How Human Is Your Company?

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There are few things worse than being late when doing something for the first time. Whether it’s your first day on the job, first meeting with a client, first event in a new city or your debut as a BBQ judge, there’s no doubt we all feel terrible if we don’t show up on time.

In the case of Jay Baer’s recent story about being replaced as a BBQ judge because he misunderstood confusing directions about when he was supposed to show up, he admits it was his own fault. But, like Jay wrote, the reaction to his mistake and the instructions that led up to it could have been handled far better.

It’s been said multiple times that social media can help humanize companies, but just as often, people have warned companies that if their social media efforts are stunted by a lack of human understanding in how they operate, they’re wasting their time.

While we can’t fix your company, we can tell you what we’ve seen that works for event planners.

Type Like You’re Talking To One Person, Not Several
Like good copywriting, communication via social media is best when it’s directed at one person, though hundreds and thousands may be listening. Try looking at yourself in a mirror when you type, or ask a colleague to read what you’ve written. Does it sound awkward? Edit until it doesn’t.

Give More Information Than Necessary
While cliffhangers and big reveals are exciting, anticipation is highly underrated as a way to increase interest in a new product or service. Statements like “check back in a week to see what we’ve been working on” fall flat to most people, while “in a week we’ll be revealing our new way of doing business” gives listeners something to look forward to.

Market Inclusively, Execute Exclusively
There’s no question exclusivity feels special, but exclusivity for the sake of being exclusive seems arbitrary and boring. We’ve seen event planners require codes to register for events, with those codes being good for multiple uses. This gives attendees a special feeling without locking out those willing to make an effort to attend.

Business, sales, events and marketing will always be about people. It’s far past time we all started communication like actual people do.

Using Social Media For Your Event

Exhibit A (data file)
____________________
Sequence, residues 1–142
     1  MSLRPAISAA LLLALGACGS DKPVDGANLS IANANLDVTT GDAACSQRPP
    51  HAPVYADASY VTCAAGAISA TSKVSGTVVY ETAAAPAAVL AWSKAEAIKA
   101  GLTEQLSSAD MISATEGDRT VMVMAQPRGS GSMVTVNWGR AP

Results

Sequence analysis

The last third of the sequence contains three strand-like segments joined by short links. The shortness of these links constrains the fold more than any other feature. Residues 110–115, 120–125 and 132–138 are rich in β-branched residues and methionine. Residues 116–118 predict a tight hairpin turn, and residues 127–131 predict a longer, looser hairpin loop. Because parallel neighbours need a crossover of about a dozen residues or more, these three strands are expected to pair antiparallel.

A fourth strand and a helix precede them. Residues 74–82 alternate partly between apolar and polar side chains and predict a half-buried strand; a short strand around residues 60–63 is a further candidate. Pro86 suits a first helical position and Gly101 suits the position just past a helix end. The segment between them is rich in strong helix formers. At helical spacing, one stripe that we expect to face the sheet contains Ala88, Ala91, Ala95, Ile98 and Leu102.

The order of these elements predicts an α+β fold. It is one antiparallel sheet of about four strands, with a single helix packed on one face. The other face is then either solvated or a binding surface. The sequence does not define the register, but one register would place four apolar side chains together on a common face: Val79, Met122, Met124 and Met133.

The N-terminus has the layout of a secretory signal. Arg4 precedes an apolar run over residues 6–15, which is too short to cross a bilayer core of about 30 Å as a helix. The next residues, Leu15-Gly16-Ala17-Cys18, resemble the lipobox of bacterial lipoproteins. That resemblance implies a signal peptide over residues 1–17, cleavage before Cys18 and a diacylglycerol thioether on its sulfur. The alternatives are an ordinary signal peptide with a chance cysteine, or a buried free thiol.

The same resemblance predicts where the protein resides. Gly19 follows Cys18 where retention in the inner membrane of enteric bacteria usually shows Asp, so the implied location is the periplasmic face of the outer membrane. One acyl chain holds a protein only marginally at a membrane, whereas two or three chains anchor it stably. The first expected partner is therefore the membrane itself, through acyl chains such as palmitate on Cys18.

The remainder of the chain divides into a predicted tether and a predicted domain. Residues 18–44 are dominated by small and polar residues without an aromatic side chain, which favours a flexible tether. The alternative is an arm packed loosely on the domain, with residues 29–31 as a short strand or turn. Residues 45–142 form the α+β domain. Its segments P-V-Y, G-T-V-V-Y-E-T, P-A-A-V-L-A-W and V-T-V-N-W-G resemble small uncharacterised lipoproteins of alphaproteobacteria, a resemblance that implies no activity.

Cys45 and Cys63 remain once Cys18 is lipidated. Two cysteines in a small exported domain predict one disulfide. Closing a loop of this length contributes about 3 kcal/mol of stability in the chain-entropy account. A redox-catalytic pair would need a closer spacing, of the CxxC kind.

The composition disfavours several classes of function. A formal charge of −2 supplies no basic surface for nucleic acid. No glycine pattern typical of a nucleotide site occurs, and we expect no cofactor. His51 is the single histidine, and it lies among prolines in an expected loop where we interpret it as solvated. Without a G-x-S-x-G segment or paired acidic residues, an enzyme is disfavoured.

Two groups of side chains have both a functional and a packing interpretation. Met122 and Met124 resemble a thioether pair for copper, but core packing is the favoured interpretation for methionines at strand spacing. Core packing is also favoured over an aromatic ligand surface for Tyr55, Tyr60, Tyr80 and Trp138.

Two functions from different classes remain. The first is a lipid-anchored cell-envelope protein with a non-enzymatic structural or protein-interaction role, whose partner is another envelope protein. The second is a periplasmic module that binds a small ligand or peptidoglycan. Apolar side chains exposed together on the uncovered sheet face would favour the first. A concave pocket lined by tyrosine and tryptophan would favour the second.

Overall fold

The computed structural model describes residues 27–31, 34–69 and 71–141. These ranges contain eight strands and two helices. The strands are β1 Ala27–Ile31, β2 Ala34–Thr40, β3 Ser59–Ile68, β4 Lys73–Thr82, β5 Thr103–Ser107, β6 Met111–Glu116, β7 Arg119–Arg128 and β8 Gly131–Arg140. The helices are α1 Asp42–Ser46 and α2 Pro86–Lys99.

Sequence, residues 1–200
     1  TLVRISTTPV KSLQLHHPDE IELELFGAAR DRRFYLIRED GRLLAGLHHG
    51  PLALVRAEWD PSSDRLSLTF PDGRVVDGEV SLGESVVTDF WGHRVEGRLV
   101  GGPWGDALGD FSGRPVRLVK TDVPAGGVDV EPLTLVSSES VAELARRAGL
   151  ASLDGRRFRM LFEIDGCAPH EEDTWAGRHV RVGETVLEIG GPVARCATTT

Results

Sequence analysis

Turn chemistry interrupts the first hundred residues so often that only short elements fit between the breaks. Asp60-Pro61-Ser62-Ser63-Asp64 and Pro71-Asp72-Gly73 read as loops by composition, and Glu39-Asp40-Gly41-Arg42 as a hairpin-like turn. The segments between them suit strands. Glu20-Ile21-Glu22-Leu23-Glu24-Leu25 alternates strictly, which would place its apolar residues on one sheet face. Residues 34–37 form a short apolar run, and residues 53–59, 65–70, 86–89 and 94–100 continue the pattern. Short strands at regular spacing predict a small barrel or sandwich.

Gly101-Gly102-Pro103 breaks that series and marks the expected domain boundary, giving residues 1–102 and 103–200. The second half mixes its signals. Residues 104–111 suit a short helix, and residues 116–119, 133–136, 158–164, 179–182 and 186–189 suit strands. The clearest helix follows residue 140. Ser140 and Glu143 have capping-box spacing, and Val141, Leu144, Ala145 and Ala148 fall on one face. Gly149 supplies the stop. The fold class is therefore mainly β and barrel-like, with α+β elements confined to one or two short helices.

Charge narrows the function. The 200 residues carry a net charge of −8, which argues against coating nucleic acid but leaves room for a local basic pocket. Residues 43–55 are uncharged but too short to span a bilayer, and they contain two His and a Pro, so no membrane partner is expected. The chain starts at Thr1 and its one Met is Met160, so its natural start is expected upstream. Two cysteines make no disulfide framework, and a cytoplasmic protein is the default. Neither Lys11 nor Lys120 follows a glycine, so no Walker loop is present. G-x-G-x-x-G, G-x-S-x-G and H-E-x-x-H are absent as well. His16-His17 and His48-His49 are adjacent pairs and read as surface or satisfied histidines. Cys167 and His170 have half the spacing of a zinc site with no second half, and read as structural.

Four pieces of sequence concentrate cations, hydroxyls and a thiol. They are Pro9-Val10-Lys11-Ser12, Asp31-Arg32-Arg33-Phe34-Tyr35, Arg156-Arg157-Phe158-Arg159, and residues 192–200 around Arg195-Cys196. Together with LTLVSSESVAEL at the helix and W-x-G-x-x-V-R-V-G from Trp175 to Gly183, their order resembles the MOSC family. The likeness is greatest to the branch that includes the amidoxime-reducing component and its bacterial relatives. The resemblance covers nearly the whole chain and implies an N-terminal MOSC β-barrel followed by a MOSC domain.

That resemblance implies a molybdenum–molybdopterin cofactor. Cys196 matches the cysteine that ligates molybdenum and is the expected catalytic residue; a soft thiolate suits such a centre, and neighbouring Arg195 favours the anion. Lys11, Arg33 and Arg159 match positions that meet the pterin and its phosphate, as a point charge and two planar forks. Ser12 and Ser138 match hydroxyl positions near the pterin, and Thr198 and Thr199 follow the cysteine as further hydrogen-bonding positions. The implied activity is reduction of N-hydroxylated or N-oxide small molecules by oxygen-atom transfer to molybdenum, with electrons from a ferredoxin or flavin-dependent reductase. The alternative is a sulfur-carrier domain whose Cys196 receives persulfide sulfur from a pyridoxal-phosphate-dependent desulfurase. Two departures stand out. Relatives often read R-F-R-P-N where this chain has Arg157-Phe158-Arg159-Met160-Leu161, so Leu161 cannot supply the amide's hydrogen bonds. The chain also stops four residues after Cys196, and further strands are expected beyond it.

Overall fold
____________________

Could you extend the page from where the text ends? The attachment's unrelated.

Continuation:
iPhone pals

No matter which channel you use to communicate to your customers, it’s best if you have a plan to reach them on their preferred channel when you want them to come to your event. For many businesses, the quickest and cheapest method has shown to be Twitter or Facebook or wherever social network the majority of your customers are.

Jay Baer at Convince and Convert picked seven of the top 39 suggestions from a speech he gave the previous week. His seven are listed below, along with a short summary with our remarks following. There’s a lot of great ideas in his published list, but everything can be improved.

Get your potential attendees interacting with you early on by enabling some measure of feedback or crowd sourcing on the conference programming.

Really great way to reward your most avid fans and even spare yourself a little bit of time with your planning process. Be sure to simplify the process so no one is confused.

Almost all events have an official Web site. But very few (except for the geek events) take full advantage of all the free event listing and event management opportunities.

Being everything often means being nothing unless you’re talking about event promotion. Get out everywhere. Post to online calendars and newspaper listings. Don’t limit the places you put your info.

As the event draws closer, you have to pull potential attendees off of the fence with content hors d’ouerves.

Start asking questions of the attendees. Don’t just present them with data to consume, allow them to share in the creation. Give them a problem to solve that can only be done with other attendees guarantees a passionate audience.

Pick a hash tag for your event, so attendees and remote watchers can monitor on Twitter. Shorter the better, please. Then, start your conference with an unofficial Tweet-up. It gets your likely content creators motivated and excited.